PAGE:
The Great Central Coast Road of North Carolina (and how it links to myriad related subjects)
Here is the origin of one of the roads under consideration:
The Great Central Coast Road
Until 1676 porters dominated cargo transportation in the southeast, and domestic animals dominated from 1676 until the 1720s when wheeled transportation came to dominate commercial transportation. Owing to the ever demanding economies of scale, it was only a further 80 years until wheeled traffic totally dominated the southeast east of the Blue Ridge. A nifty recapitulation indeed.
The Oxford English Dictionary (OED) reveals “way” to be an Anglo Saxon term derived almost unchanged from an Indo-European root. The OED provides an astonishing ten pages of definitions for the simple, single syllable word. Anglo-Saxon English is famously rich in one syllable words most of which can be used for every part of speech; noun, verb, adverb, etc. The downside of this is that it is difficult to obfuscate with Anglo-Saxon English (as opposed to Norman English, the language most likely to have produced the label "perfidious Albion"). For a student of old roads, though, "way" is where one starts.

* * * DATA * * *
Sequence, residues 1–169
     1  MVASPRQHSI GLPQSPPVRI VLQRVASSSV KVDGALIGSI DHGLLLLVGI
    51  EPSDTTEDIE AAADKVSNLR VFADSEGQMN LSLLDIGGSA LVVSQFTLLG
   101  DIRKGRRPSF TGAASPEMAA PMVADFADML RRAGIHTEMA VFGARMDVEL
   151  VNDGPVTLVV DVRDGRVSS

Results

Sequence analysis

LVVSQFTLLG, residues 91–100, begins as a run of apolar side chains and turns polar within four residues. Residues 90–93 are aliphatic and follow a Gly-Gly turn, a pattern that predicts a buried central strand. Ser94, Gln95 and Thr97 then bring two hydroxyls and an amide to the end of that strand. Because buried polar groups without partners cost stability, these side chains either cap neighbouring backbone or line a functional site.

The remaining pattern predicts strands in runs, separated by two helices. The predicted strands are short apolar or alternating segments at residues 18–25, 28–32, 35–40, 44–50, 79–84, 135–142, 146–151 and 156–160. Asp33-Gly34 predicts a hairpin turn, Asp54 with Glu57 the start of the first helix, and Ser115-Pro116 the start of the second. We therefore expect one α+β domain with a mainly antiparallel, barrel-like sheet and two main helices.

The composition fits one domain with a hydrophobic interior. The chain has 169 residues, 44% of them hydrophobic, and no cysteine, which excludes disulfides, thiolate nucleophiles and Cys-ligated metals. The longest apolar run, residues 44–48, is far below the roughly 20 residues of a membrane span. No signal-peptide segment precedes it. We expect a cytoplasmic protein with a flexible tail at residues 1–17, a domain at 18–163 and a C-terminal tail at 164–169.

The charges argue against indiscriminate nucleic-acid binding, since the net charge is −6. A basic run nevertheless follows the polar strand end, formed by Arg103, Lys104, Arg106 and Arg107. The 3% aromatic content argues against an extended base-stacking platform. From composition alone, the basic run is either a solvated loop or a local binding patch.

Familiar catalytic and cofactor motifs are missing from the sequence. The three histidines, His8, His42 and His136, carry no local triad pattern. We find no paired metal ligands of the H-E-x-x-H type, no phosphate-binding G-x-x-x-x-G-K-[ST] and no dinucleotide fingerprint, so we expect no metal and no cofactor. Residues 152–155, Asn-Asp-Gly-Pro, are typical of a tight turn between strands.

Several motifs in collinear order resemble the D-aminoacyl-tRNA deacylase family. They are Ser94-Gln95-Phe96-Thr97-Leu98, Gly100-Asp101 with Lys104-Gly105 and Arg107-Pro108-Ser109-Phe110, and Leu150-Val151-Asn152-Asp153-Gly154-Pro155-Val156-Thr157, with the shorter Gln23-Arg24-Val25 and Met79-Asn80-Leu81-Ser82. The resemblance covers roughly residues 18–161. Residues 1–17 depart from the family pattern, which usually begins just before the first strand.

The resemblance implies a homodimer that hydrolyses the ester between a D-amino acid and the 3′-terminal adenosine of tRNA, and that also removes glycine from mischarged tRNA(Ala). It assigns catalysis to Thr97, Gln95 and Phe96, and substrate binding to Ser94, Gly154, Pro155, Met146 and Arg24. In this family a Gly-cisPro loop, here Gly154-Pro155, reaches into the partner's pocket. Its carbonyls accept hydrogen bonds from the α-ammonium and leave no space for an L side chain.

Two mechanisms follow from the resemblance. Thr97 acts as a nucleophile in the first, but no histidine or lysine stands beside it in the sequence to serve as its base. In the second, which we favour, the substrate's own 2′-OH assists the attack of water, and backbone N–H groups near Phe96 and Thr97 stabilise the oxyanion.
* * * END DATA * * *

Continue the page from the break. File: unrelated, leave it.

These parishes he planted in market towns in the midst of dissenters. The parishes became the core of colonial legal process, and the came with "test oaths", oaths swearing loyalty to crown and Anglican church. This encouraged Anglican entrepreneurs to move into hostile districts to tax dissenter. It also ensured dissenters (except Presbyterians) would have no voice in courts or other local government offices.
As in Ireland, ambitious Anglicans quickly establish enclaves among dissenter populations (Dobbs descended from a Cromwellian officer granted a market town in Ireland). Hillsborough, for example, was a result of this maneuver, and within ten years minority rule fomented a rebellion among backcountry religious dissenters called The Regulation. One artifact of that moment is a military road suitable for carrying cannon part of which in Durham County is misnamed Cornwallis Road. It should have been called Tryon's Road after Dobbs' protege,William Tryon, the man who implemented the Irish solution in the backcountry after the demise of his mentor.
It seems likely that Dobbs had relocated North Carolina’s capitol from the mouth of the Cape Fear River to the Mouth of the Neuse River because the latter drainage contained dissident populations while the former was ruled by Anglicans and populated by Presbyterians, Anglican allies. Further, the Scots of the Cape Fear basin had emigrated to their new homes after losing the Battle of Culloden and swearing to never again take up arms against England; they were a tame lot.
Not so the Baptists and Quakers of the Neuse drainage. Dobbs strategically sited his capital to address the main challenge to his power and the power of his allies, North Carolina’s absentee landlords. Then he built a way to move an army inland, and it came to be called The Great Central Coast Road. It ran from the mouth of the Neuse to the Appalachian Mountains and Tennessee.